In fact, Middleton argues, the audience and the poet collaborate in the performance. An audience is not simply a collection of autonomous individuals with independent experiences of the spoken poem. Rather, the performance event forms the audience. The performance creates an intersubjective network, which then becomes an element in the poem itself.

Were I to publish this book in a second edition, I would include an audio CD of contemporary poets reading their recent work. Given the book’s emphasis on performance, the inclusion of audio material would be logical and helpful.

Book Review: Reading Error

reading error

Reading Error: The lyric and contemporary poetry.
Nerys Williams.
Modern Poetry Vol. 1.
Peter Lang, 2007. 265 pp.

First, a quiz:
Poetry and theory are different. Yes or No.
Language Writing attempted to enact the considerations of theory within the writing of poetry and poetics. Yes or No.
Language Writing dispensed with any notions of the Lyric ‘I’. Yes or No.

In this challenging and richly written book Nerys Williams argues that the poetry of Charles Bernstein, Michael Palmer, and Lyn Hejinian demonstrate that the lyric retains an important focus to writers affiliated with early Language Writing.

Nerys Williams lectures in American Literature at the English Department in University College Dublin. She is the recipient of an Irish Fullbright Award.

In this apparently counterintuitive take, Reading Error illustrates how the reader can approach Language Writing as a form of wandering, or errancy. Throughout Reading Error, Williams shows that the lens of an ‘erring poetics’ enables readers to revise the role that lyricism establishes in the work of the three poets.

Their poetry illustrates how “an initial dissatisfaction with the ‘workshop model’ has evolved into a compendium of complex strategies for refiguring the lyric within an experimental praxis,” Williams says. She provides different strategies for understanding the ways error may surface, for example, via humor, mistakes, malapropisms, polyphony.

Charles Bernstein’s work, Williams argues, promotes error as a context of instruction, or even education. The aesthetic premises of Bernstein’s early poetry can be aligned to Language Writing’s interest in strategies of defamiliarization. Retracing Bernstein’s early poetics reveals how his aesthetic of error must be read not only as a challenge to the conventions of grammar and syntax, but as an ambitious claim for the practice of what he calls a ‘socious’ language.

The subject in Palmer’s poetry is often evoked through an aphasic stuttering, Williams says. Broaching his poetry through accounts of schizophrenic language “guides us in an understanding of the violent rupturing of the single speaking voice in Palmer’s work.”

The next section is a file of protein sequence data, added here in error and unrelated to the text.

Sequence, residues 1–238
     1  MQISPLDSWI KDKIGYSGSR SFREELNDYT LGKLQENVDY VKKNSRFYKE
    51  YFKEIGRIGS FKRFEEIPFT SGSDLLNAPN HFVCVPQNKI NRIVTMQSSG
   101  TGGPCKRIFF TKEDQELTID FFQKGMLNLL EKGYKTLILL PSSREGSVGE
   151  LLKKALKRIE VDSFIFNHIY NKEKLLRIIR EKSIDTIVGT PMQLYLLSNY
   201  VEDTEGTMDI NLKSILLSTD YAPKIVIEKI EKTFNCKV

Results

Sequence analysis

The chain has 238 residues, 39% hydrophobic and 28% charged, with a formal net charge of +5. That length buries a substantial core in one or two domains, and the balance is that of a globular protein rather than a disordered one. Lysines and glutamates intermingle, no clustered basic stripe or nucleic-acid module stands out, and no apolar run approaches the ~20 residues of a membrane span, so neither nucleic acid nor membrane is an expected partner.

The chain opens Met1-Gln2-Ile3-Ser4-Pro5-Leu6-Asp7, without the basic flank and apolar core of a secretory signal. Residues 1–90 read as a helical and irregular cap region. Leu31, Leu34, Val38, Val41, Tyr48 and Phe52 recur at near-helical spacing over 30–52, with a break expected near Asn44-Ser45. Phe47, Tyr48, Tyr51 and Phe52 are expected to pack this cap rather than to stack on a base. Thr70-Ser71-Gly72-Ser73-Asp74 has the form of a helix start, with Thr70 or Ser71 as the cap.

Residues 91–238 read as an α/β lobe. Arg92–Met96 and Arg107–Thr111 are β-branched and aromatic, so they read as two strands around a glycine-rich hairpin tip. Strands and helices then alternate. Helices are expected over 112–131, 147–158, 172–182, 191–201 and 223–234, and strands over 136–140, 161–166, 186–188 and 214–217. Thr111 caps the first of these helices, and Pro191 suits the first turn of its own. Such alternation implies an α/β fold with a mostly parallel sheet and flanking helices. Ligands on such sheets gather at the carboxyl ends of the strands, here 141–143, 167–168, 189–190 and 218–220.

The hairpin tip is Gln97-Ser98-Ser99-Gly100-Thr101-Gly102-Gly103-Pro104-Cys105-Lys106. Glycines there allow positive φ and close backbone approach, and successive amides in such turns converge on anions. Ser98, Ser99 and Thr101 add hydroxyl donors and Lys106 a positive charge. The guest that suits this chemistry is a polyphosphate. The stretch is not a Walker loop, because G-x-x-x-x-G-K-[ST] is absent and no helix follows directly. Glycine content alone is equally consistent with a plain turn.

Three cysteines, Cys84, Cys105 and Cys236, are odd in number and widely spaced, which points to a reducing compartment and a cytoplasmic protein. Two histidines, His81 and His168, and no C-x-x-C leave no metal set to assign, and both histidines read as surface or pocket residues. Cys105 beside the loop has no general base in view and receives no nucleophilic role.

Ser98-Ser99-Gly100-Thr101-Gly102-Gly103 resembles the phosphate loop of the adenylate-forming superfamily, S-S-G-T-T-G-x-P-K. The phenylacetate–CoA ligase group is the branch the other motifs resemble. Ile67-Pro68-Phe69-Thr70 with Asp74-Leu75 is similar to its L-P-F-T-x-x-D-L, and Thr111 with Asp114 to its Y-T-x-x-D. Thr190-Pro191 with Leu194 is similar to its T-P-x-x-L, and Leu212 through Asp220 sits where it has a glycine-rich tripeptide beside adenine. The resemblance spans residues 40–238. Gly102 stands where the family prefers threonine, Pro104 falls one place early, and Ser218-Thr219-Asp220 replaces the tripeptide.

The often violent rupture of the lyric in Palmer’s poetry can be read in tandem with Gilles Deleuze’s analysis of schizophrenic writing, bringing to a focus the problematized subject-object dichotomy of Palmer’s lyric.

An understanding of erring focuses on the intentional inconsistencies and the aphoristic texture of Lyn Hejinian’s poetry, Williams argues. Aphorisms in Hejinian’s poetry are often sabotaged by the substitution of a word or phrase. Hejinian’s aesthetic of erring avoids a central locus of authority, with the aim of opening the text to broader implications of political responsibility and a devolution of mastery.

Jennifer Moxley’s poetry renegotiates central issues raised in Bernstein, Hejinian and Palmer’s relationship to lyricism, Williams argues. Moxley “has been given the somewhat dubious honor of reinventing, rereading, or reconfiguring lyric practices in recent american poetry.” She places a focus on lyricism as a dissenting practice with a social conscience. Moxley makes a claim for the ‘social lyric’ as a voice that ‘has been excluded from the political power of dominant narratives.’

In Reading Error, Williams aims to indicate how a configuraion of error allows readers to consider the broader relationship between aesthetics, ethics, and politics in poetry. “The most viable and important possibility that this poetry work offers the reader,” she says, “is the necessity of seeing those structures of power deemed to represent us, as necessarily provisional and ultimately answerable to our criticisms.”

Experimental poetry, in contexts


Book Review: Differentials: poetry, poetics, pedagogy
Marjorie Perloff
University of Alabama press
2004. 307 p.

How does one tell a good “experimental” poem from a bad one? And what is an experimental poem anyway?

Readers, writers, teachers, and theorists alike ponder these things. One person wearing all four hats is Marjorie Perloff, who offers Differentials with her usual erudition, humor, and interdisciplinary insight. These essays, written between 1999 and 2004, address performance poetry, concrete poetry, multimedia poetry, constricted writing, and how teachers might help their students make sense of it all.

Perloff’s prodigious knowledge of twentieth century artistic movements allows her to relate the work of Ezra Pound to Marcel Duchamp, to explain “differential poetry” that varies according to the medium of presentation, to compare the performance poetry of Laurie Anderson, Joan Retallack and Caroline Bergvall, and to elaborate on distinctions between Kenneth Goldsmith’s rule-generated writing and Ronald Johnson’s verbivocovisuals.